The Daily Courier from Connellsville, Pennsylvania on March 12, 1938 · Page 5
Get access to this page with a Free Trial
Click to view larger version
March 12, 1938

The Daily Courier from Connellsville, Pennsylvania · Page 5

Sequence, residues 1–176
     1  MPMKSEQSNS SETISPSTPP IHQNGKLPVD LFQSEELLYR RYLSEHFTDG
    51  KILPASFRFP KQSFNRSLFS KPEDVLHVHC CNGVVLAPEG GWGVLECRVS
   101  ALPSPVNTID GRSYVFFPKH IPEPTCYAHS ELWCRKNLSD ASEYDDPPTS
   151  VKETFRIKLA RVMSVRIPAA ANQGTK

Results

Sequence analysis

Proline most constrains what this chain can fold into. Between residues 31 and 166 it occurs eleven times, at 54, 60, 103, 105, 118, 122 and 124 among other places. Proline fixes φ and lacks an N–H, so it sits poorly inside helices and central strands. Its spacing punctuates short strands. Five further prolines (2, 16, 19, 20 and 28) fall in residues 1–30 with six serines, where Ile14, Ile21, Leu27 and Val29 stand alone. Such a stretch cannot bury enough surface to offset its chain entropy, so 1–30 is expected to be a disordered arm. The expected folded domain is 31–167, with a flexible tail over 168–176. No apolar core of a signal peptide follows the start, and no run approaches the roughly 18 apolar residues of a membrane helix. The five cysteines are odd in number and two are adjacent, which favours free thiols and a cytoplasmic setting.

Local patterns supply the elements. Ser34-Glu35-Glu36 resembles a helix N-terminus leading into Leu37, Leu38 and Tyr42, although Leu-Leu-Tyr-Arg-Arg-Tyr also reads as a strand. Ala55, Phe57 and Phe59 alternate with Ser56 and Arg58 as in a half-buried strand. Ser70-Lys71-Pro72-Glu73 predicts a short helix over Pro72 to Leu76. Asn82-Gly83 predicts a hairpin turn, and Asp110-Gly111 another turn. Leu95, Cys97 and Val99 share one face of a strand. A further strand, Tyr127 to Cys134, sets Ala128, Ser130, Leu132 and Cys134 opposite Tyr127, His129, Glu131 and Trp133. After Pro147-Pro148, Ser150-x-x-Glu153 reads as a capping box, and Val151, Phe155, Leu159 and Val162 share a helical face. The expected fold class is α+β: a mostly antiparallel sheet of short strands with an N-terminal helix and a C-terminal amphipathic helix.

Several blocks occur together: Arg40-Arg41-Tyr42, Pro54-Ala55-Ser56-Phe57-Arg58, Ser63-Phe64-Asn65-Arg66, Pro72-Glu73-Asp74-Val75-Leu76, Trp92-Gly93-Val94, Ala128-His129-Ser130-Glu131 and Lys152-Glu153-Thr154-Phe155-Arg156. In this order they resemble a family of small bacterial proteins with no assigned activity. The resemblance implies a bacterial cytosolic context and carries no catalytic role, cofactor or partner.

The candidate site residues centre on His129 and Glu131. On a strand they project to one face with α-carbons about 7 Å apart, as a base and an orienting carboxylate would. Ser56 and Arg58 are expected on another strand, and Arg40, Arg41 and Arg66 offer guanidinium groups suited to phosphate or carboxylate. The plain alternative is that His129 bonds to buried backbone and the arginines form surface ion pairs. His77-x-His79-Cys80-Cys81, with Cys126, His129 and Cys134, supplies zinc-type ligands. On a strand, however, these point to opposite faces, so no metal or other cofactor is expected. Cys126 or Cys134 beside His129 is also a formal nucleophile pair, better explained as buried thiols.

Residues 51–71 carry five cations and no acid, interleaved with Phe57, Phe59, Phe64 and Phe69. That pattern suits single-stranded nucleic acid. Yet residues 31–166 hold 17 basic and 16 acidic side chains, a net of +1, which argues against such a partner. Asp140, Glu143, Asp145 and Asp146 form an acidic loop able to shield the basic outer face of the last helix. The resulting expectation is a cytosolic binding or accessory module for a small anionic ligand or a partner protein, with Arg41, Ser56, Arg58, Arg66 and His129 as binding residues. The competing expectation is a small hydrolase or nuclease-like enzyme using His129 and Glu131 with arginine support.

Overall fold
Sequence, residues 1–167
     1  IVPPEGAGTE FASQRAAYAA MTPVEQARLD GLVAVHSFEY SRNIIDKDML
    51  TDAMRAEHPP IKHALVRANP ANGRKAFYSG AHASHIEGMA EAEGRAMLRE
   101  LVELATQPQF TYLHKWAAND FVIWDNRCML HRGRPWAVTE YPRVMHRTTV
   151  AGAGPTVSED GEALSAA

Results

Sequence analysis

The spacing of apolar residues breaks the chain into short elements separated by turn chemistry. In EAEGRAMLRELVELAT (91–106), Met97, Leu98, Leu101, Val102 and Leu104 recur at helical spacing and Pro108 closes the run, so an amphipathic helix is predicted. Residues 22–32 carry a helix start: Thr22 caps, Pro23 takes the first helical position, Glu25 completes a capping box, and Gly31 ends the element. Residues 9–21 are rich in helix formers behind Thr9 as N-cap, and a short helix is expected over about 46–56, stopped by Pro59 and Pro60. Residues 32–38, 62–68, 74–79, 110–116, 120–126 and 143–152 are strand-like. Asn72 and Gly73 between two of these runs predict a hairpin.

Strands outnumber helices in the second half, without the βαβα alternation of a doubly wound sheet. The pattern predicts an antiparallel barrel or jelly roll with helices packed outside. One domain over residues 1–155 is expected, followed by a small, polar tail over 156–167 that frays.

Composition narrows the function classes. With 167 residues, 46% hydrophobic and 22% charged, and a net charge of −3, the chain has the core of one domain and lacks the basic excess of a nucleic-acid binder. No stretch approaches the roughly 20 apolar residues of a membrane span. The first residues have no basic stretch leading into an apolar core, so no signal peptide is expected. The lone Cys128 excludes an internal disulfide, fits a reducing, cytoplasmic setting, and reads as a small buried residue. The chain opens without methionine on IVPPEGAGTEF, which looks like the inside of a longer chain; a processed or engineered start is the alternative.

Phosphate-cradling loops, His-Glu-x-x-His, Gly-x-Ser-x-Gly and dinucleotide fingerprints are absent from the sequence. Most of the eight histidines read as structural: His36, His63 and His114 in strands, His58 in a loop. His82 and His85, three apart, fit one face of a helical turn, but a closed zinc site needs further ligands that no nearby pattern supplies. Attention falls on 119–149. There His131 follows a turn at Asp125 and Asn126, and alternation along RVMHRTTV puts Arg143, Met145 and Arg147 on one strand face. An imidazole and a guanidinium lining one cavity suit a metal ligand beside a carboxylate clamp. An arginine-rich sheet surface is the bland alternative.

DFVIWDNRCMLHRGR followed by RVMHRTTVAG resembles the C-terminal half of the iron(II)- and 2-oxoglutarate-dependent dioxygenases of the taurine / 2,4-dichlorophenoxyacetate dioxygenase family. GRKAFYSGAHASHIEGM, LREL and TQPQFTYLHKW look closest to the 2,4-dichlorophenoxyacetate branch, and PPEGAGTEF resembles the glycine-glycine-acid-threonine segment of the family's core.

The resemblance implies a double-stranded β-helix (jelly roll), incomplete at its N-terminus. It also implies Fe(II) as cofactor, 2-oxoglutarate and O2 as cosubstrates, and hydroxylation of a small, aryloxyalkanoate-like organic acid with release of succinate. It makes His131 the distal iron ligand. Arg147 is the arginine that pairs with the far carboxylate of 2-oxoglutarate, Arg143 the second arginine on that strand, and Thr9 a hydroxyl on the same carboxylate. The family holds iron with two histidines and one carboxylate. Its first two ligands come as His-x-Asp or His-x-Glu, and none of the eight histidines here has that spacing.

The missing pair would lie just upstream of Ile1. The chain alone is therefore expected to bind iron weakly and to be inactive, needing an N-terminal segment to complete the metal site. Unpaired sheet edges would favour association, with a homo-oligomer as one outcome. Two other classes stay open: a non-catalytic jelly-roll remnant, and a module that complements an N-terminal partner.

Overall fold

Publication:
Location:
Connellsville, Pennsylvania
Issue Date:
Saturday, March 12, 1938
Page:
Page 5
Cancel
Start Free Trial

Page 5 article text (OCR)